February 13, 2016

Feedback: Letters to LJ, February 1, 2016 Issue

Libraries as public information utilities, the value in large scale conferences, EASA doesn’t go far enough, and more letters to the February 1, 2016 issue of Library Journal

SafetyLit: A Free Database It Might Be Useful to Know About | Not Dead Yet­­

Cheryl-LaGuardia

Someone from the SafetyLit Foundation recently sent me information about the SafetyLit Database via LinkedIn. I hadn’t heard of this resource before, but I took a look (though not an exhaustive one) and saw some interesting material in it.

Five Institutional Strategies for Textbook Affordability | From the Bell Tower

Steven Bell

Whether you’re just getting started or want to take your program to the next level, thinking strategically about campus adoption of Open Educational Resources (OER) can make a difference.

The Gadfly Alerts: They warn us of corrupted information | Blatant Berry

John Berry III

The first time I encountered the Progressive Librarians Guild (PLG) was nearly 30 years ago. Almost miraculously, PLG has survived from just after the Reagan era through the Clinton and Bush years until Obama. It is still small but manages to publish Progressive Librarian (PL), a journal that combines rigorous scholarship with a strong ideological sentiment.

Librarians, the Gathering: Designing and Publicizing a Personal Librarian Program | Peer to Peer Review

Alfred University Librarians in group drawing as fantasy characters

Beginning in December 2013, librarians at Alfred University, NY, began discussing the possibility of creating a Personal Librarian Program, inspired by the work of librarians at places like Drexel University and Yale University’s Medical Library. We have always encouraged students to seek out a librarian for research assistance; now we wanted to add a human touch, providing a name and face for students encountering the intimidating task of using a college library for the first time. The librarian trading card programs of other libraries–such as Penn State and the University of Rochester–gave us the idea of creating unique cards and personas for each librarian. We decided to take the trading card idea, give it a fantasy roleplaying spin, and use these new “Magic: the Gathering”-esque cards to help connect students to their librarians and publicize the program. With this, “Librarians, the Gathering” was born.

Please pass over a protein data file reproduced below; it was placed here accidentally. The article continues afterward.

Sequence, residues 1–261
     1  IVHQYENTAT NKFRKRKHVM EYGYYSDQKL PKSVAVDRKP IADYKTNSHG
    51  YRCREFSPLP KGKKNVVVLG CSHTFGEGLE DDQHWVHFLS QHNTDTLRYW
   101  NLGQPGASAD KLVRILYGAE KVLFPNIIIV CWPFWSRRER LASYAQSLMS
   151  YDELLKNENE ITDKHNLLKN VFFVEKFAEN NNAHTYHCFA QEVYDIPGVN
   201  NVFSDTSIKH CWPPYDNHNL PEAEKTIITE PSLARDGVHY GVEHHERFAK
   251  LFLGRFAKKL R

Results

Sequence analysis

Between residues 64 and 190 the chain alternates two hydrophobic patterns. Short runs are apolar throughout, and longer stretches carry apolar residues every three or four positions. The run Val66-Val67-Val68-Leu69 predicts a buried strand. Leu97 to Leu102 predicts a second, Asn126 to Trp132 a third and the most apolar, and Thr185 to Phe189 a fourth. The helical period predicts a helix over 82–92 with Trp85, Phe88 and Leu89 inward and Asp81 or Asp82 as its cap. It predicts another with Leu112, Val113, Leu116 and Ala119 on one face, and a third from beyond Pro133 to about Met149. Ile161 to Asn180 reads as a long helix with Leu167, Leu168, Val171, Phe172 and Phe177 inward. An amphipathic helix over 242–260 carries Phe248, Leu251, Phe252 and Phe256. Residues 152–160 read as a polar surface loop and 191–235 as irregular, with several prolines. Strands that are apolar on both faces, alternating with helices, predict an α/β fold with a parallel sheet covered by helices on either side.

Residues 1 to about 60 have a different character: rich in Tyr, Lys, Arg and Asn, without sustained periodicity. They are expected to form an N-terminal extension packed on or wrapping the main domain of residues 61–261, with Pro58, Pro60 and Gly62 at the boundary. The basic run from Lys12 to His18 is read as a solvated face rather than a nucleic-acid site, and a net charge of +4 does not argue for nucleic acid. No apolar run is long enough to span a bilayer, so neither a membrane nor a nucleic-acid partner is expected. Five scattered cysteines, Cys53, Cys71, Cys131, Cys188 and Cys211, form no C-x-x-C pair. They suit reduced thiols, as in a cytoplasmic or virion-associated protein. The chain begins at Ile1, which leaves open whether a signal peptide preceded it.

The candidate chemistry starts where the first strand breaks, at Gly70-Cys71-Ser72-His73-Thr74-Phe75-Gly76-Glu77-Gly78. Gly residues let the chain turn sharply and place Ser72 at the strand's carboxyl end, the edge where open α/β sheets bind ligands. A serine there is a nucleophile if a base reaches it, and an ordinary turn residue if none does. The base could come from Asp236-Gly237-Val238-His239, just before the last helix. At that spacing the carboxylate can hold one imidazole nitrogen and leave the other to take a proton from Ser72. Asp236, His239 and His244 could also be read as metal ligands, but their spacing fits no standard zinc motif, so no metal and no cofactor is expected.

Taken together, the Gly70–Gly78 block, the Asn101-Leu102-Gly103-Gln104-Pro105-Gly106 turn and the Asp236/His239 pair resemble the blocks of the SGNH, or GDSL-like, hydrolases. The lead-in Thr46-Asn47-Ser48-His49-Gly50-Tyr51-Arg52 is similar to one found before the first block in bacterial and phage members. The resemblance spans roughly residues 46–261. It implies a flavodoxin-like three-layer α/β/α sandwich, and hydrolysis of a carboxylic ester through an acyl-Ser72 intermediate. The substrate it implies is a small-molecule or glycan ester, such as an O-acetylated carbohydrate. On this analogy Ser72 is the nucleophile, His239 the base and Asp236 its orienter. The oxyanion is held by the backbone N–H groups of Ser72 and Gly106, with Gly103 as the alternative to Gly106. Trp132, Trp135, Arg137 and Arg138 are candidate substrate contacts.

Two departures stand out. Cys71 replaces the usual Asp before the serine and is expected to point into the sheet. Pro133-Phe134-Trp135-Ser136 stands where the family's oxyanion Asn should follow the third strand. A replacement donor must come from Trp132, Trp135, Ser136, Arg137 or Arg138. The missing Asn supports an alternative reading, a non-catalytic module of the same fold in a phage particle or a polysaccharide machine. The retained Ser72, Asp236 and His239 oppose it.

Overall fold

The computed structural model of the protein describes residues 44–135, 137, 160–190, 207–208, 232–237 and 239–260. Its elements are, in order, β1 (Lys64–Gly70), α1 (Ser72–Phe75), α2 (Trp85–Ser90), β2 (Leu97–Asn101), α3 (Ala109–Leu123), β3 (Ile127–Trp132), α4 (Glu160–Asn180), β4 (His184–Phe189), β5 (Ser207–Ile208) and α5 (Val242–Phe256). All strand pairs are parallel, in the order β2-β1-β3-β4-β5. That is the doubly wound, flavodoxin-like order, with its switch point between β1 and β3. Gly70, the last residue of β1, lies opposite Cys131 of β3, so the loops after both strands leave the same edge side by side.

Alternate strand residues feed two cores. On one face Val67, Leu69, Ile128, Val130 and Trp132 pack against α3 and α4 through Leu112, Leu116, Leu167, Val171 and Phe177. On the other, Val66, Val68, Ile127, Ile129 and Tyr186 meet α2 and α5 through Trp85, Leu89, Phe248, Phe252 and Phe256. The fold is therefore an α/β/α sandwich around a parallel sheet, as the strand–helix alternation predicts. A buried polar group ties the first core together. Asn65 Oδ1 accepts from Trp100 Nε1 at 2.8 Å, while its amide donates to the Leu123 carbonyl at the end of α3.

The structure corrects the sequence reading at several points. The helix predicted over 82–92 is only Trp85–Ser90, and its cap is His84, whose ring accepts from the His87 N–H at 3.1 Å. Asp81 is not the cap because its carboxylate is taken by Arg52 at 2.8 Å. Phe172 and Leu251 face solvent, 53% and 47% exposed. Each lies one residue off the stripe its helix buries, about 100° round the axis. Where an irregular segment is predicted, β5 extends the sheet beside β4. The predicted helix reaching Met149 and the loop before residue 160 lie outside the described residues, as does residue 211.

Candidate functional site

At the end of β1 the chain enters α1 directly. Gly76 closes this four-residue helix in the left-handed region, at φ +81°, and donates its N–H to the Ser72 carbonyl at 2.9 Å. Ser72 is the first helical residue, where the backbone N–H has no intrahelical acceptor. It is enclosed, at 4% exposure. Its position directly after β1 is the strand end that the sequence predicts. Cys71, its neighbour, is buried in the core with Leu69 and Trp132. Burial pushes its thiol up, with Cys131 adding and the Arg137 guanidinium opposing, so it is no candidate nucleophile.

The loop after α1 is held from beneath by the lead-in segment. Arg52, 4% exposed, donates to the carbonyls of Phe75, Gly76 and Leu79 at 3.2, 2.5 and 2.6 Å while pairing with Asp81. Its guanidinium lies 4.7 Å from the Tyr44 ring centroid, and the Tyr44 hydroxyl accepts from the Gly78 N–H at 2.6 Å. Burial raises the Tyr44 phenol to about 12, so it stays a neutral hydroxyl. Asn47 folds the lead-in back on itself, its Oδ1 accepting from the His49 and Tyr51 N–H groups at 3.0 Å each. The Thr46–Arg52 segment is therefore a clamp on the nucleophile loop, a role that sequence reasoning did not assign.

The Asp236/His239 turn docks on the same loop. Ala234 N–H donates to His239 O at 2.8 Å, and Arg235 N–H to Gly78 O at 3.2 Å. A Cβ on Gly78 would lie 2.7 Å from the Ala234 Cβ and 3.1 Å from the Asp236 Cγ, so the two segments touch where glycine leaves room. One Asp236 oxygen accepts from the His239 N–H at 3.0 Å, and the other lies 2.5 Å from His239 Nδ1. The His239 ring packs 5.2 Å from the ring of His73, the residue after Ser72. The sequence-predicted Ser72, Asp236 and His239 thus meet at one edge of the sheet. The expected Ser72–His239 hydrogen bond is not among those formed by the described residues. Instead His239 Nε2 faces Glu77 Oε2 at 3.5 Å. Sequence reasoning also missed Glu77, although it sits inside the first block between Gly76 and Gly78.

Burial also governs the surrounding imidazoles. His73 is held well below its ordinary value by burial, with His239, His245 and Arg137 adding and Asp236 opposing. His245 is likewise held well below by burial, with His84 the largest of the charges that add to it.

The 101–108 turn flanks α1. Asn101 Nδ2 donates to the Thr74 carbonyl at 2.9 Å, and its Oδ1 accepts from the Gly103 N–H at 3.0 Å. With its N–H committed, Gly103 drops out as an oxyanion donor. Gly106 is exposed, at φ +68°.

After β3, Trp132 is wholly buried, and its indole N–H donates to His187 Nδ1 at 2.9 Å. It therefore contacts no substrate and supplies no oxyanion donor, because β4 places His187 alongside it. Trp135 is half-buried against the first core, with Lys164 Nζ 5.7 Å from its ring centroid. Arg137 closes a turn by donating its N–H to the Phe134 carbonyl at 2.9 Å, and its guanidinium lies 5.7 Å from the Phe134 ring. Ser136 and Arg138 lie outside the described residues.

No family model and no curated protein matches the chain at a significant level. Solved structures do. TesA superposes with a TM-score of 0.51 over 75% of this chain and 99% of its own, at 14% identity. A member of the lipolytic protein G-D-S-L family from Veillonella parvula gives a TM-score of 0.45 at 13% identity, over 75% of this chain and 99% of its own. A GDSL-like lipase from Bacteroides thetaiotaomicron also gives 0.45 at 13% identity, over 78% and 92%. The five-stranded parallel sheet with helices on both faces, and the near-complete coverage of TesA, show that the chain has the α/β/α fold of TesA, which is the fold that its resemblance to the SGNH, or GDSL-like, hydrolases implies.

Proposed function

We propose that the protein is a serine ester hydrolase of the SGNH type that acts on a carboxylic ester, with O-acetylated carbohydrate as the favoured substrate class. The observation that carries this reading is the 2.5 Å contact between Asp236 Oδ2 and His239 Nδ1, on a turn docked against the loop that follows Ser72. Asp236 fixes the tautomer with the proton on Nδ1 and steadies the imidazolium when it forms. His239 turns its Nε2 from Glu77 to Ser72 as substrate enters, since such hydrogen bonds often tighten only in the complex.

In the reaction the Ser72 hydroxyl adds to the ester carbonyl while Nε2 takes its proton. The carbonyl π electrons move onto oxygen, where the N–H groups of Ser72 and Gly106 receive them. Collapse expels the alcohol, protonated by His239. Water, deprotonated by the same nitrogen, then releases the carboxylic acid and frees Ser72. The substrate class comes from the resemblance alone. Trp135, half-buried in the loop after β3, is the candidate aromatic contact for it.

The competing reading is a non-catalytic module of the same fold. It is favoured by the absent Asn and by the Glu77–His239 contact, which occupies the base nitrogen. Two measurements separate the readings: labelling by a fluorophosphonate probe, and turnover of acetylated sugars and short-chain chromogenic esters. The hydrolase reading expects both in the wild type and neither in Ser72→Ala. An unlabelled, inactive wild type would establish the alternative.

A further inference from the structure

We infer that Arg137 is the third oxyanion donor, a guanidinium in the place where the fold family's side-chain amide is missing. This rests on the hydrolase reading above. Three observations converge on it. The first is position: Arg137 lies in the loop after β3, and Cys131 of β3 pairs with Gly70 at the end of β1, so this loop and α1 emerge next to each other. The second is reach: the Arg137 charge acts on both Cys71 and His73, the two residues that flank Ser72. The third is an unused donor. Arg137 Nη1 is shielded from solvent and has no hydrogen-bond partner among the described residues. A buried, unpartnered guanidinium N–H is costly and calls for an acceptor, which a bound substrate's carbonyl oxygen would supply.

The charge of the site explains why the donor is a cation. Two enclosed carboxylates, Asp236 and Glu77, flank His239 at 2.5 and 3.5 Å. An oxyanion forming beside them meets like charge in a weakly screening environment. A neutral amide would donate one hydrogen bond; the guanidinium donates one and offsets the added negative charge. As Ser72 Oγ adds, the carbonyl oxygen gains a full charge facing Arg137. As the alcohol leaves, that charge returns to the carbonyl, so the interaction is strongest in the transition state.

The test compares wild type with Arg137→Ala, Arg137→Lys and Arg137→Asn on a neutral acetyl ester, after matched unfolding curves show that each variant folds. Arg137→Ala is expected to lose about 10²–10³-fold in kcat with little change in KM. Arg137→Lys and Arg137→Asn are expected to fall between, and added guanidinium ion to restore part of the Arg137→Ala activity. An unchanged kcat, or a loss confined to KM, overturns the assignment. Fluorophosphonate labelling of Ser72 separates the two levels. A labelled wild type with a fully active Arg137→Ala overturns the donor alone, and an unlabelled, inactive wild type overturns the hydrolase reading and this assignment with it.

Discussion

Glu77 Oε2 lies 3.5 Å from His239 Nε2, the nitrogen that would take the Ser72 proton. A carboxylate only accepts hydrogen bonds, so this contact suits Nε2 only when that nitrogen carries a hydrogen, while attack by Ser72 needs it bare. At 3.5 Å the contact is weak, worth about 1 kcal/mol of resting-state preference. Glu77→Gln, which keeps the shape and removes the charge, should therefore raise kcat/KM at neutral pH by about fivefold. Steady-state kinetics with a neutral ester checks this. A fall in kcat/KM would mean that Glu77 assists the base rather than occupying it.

Between Pressure & Promise: Where hyperlocal meets the big picture | Editorial

RebeccaWebEdit2015

Trend watching is always fun, but it becomes an annual exercise when the New Year arrives and outfits large and small seize the moment to attempt to encapsulate the forces at work in their spheres. With the American Library Association Midwinter Meeting held so early this year, the 2016 trends deep dive dovetailed, for me, with the many conversations I had in Boston, which as usual ranged from essentially functional to highly aspirational, pinging between today’s pressures and tomorrow’s promise. It struck me that our collective work balances in that space, sometimes more precariously than others.

When You Can’t Lead Like Dan Price | Leading from the Library

Steven Bell

Library jobs tend to be low paying. Leading in the non-profit education sector gives leaders little leeway or discretionary power to raise salaries. Learn what leaders should know about motivating staff.

Conducting Small-Scale Usability Studies | Field Reports

jason simon_400x400

We knew there were problems with our library website at Fitchburg State University (FSU). Users either couldn’t find what they wanted or were unaware of the site’s existence. This was particularly a problem owing to the limited number of librarians available to assist. While there was some consensus among librarians regarding these design problems, there was little agreement as to how these problems could be ­addressed. We decided that usability testing was needed before making changes, but we didn’t have the budget to develop an expensive usability lab with one-way mirrors, sophisticated eye-movement testing devices and the like. Despite this, with a little creativity, we were able to design a solid and reliable usability study with limited resources.

New Opportunities in Learning Experience Curation | From the Bell Tower

Steven Bell

Academic librarians are campus experts when it comes to curation, from books to data. Is there a new opportunity on the rise in the field of learning experience curation?

Feedback: Letters to LJ, January 2016 Issue

A rallying call for sustainability, highlighting Texas libraries, and more letters to the editor from the January 1, 2016 issue of Library Journal.